Alexis Kallen, who graduated from Cam High in 2014, is well-remembered for her academic excellence and diligence. This spring, Kallen will become a Rhodes Scholar studying at Oxford University in England.
During her time at Cam High, Kallen co-founded Cam High’s branch of the Girl Up Club, and was as an active member of the Junior State of America (JSA) in addition to a demanding class load with a number of AP classes. But she also dealt with a number of personal health and family challenges that added to an already difficult schedule.
“She overcame many challenges, from losing her mother at birth and being raised by her grandparents to navigating the world with cerebral palsy,” said Dr Kim Stephenson, principal at Cam High.
Although Kallen was born with a brain condition that affected her speech, she refused to allow her physical limitation prevent her from engaging in public speaking. “In spite of the impediment of cerebral palsy, she became very good at [public speaking]…and students responded very well to her,” said Mr. Shawn Near, JSA advisor.
As an active member in JSA’s state level leadership, Kallen was appointed to the JSA cabinet and was given the responsibility to preside over the annual convention, where students discuss pressing social and political issues.
“Through her involvement in both Girl Up and JSA, Alexis called attention to injustice and fought for people who didn’t have the voice that she had,” said Ms. Lori Pristera, English teacher and ASB Director. “People counted on her because of her ability to see something from conception to fruition.”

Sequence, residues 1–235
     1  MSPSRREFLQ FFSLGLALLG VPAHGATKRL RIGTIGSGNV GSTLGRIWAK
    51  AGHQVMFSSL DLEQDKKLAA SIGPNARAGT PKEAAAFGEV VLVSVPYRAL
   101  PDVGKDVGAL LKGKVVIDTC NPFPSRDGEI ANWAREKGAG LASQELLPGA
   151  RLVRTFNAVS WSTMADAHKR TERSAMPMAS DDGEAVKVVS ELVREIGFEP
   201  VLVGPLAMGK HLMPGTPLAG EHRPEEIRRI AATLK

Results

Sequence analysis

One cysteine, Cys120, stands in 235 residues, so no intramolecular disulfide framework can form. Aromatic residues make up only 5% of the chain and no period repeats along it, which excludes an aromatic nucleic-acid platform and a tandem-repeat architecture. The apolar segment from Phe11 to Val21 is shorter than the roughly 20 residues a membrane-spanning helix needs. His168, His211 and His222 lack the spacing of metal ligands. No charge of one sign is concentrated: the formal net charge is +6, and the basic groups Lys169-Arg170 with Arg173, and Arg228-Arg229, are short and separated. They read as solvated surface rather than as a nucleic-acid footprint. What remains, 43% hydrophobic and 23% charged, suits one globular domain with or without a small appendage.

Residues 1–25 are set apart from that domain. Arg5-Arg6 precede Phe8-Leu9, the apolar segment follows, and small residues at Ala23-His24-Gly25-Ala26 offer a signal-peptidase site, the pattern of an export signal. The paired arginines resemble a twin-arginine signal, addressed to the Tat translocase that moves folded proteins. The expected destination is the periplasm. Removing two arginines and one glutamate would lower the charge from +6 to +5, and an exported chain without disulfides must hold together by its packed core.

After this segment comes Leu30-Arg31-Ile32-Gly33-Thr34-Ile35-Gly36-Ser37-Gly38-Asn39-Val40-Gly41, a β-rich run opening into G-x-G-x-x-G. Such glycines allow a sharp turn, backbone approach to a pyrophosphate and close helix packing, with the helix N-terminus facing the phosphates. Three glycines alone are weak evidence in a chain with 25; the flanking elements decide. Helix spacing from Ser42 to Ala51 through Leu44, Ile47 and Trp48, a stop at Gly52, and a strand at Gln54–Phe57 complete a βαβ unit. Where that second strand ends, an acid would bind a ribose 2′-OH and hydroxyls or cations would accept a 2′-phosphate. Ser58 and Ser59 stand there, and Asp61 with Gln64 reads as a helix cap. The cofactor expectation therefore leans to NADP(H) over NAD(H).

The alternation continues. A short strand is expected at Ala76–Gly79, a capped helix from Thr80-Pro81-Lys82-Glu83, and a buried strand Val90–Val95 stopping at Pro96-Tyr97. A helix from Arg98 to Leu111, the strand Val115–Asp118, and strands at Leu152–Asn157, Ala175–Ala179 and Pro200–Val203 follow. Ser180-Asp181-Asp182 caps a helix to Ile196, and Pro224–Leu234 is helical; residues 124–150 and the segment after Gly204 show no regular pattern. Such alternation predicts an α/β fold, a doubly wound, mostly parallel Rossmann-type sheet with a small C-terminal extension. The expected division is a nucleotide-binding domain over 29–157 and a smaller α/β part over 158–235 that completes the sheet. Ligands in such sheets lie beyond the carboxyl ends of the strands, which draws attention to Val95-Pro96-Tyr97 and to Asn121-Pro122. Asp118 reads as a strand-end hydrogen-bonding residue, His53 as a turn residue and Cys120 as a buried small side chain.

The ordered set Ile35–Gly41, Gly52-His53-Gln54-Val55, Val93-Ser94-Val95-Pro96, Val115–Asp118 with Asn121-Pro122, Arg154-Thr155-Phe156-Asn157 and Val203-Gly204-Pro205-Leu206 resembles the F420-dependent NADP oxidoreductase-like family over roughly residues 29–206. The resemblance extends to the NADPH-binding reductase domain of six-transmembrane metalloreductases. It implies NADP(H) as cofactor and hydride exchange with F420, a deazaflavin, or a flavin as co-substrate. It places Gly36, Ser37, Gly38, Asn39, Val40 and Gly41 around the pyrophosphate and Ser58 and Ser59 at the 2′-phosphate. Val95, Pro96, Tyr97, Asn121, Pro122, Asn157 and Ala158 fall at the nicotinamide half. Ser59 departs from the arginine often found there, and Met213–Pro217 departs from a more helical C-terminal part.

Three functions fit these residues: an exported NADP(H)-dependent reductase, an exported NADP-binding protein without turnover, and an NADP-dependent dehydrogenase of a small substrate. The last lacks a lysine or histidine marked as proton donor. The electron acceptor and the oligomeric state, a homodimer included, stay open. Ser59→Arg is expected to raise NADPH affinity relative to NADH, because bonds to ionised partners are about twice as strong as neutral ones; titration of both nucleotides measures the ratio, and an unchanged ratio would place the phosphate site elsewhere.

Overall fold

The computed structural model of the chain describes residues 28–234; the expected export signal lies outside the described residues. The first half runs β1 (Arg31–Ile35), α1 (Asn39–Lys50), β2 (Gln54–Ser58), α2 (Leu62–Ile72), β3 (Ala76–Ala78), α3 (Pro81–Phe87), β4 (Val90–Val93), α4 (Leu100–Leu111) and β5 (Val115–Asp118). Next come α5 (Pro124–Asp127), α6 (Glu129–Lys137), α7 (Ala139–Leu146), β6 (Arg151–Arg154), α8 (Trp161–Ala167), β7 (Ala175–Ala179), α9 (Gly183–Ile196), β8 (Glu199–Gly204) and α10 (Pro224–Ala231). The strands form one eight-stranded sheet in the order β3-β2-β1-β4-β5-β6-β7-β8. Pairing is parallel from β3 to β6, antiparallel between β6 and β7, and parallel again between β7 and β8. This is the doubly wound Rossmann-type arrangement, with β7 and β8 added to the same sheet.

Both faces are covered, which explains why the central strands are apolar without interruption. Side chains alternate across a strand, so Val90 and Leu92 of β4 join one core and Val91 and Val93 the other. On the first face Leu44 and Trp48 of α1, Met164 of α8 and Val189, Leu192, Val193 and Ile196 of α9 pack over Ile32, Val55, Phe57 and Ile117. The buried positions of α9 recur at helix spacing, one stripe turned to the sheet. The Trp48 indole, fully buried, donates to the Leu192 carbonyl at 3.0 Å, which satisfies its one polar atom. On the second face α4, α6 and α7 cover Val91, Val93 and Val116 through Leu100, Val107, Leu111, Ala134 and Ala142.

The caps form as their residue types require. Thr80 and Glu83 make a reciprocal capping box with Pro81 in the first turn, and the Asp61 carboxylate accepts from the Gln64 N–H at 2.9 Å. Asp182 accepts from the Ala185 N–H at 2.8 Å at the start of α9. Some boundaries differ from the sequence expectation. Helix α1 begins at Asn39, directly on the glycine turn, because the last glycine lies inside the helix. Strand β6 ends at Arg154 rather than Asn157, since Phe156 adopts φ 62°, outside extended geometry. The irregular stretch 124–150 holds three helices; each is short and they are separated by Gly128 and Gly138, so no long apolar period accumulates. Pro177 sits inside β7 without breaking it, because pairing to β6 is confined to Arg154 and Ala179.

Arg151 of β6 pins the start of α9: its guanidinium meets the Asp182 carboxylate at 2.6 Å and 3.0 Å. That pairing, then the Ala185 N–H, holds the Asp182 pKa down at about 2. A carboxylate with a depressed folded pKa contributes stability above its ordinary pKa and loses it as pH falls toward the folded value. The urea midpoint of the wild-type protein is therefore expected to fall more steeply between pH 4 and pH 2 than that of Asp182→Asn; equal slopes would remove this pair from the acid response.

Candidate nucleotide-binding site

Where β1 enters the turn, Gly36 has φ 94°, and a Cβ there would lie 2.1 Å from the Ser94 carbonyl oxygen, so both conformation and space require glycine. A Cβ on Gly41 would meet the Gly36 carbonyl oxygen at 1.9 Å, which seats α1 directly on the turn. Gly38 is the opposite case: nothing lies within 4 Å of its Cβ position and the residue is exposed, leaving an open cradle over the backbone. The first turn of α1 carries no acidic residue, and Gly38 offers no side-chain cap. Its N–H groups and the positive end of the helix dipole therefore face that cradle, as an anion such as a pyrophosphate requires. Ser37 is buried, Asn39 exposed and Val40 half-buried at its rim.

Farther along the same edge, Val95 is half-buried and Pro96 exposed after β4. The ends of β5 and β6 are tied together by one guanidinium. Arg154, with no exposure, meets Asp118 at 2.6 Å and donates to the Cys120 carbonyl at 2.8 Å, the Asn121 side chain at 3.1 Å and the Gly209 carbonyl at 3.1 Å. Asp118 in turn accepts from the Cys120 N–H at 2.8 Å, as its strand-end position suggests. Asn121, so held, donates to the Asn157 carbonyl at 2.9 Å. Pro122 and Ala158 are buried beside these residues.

After her time at Cam High, Kallen attended Stanford University, where she continued to advocate for equal opportunities for women and was selected as the student speaker at the university’s freshman orientation last fall. Kallen has been an advocate against campus sexual assault at Stanford, encouraging the installation of external video cameras to deter sexual assaults and to help solve crimes, according to Stanford University.
Kallen will graduate from Stanford in June and head to Oxford later this summer. Her current area of focus is International Studies, specifically pertaining to women’s issues. She hopes to pursue a career as an international human rights lawyer.
“Not only was she active locally, but she was also very much heavily involved in activism on an international level,” Stephenson said.
“Alexis has been a fighter ever since she was born and never let anyone tell her that she couldn’t do something,” said Pristera. “Even without her disability, I think she would still be who she is today because her character is what makes her, not her disability.”